Although never quite established on the genre's top tier, LEAVES' EYES have certainly earned a formidable reputation as symphonic stalwarts. With a robust catalogue of full-length records and an international fan base, there will be plenty of people waiting for the Norwegians/Germans' new album, and the best news available is that it's very obviously one of their finest efforts to date. With vocalist ELINA SIIRALA now firmly assimilated, "The Last Viking" feels far more confident and joyously bombastic than 2018's "Sign of the Dragonhead", while also boasting a much more diverse and unpredictable array of songwriting styles.
Still tending to err on the side of death metal fury whenever possible, LEAVES' EYES have long been one of the heavier bands in this corner of the metal realm. "The Last Viking" definitely backs that up, and it's the more aggressive moments here that stand out as obvious keepers for future live shows. Anthemic opener "Chain Of The Golden Horn" and recent single "Dark Love Empress" lay out the formula with plenty of finesse: the melodies are simple but all the more memorable as a result, and the depth of layered sound underpinning it all sparkles with clarity and ultra-modern oomph. Similarly, "Serpents And Dragons" hammers home the enduring power of operatic and deathly vocals colliding over a series of startling brutal riffs. "Flames In The Sky" is so beefy and bellicose that it almost sounds like AMON AMARTH.
If there is a downside to "The Last Viking", it's that LEAVES' EYES do seem a little too beholden to the sound of symphonic metal circa 10-15 years ago. Admittedly, the majority of their most obvious peers have either moved forwards or sideways from the genre's now well-worn formula, with bands like DELAIN and BEYOND THE BLACK following WITHIN TEMPTATION's lead by ditching the fantasy vibes and embracing a pop-metal future. But this is not an album with much to offer in terms of progress, instead, it's an absolute riot for anyone that preferred symphonic metal when it wasn't so meticulously thought through.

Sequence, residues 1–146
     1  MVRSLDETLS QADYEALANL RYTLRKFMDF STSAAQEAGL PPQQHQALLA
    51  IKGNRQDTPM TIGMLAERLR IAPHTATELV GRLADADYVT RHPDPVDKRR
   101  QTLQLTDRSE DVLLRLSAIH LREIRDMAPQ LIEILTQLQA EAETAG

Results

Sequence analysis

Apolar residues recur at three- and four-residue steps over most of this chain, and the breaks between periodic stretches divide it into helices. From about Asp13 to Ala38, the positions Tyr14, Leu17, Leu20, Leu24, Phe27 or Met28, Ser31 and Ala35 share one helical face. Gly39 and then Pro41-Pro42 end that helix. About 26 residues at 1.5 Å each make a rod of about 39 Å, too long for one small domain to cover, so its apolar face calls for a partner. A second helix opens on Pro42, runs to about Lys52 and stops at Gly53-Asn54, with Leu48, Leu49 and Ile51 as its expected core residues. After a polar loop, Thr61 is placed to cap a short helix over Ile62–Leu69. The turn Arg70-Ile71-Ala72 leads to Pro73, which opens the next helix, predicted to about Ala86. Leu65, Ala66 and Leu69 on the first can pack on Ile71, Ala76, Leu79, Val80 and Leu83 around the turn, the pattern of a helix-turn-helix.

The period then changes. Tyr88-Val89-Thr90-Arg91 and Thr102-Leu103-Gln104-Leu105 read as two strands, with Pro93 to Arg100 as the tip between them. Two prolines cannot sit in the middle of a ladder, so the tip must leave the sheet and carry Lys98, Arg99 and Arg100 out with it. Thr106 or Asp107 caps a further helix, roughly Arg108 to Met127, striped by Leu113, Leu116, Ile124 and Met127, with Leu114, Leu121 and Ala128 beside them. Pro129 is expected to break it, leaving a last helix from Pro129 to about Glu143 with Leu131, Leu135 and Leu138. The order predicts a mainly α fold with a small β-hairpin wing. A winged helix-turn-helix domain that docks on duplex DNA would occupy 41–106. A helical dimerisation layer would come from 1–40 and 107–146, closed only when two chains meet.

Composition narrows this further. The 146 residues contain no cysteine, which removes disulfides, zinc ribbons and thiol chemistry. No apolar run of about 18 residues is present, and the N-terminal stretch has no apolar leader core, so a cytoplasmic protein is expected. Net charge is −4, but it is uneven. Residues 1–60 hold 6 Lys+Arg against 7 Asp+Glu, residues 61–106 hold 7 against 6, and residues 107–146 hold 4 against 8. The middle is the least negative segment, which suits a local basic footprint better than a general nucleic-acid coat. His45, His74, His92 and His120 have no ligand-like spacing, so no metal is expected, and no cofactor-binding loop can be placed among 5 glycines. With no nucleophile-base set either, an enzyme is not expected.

The result is that "The Last Viking" is at its most powerful when its creators take a risk or three. The closing title track, all ten thunderous minutes of it, is easily the best thing here, and may make more casual observers wonder why LEAVES' EYES don't pursue that course more extensively. But in truth, all of those minor issues evaporate in the face of some genuinely crushing but endlessly extravagant symphonic metal, played by a band with real spirit and an intuitive grasp of what makes this stuff work. "The Last Viking" won't change your world, but it will transport you somewhere much less weakening for precisely 64 minutes.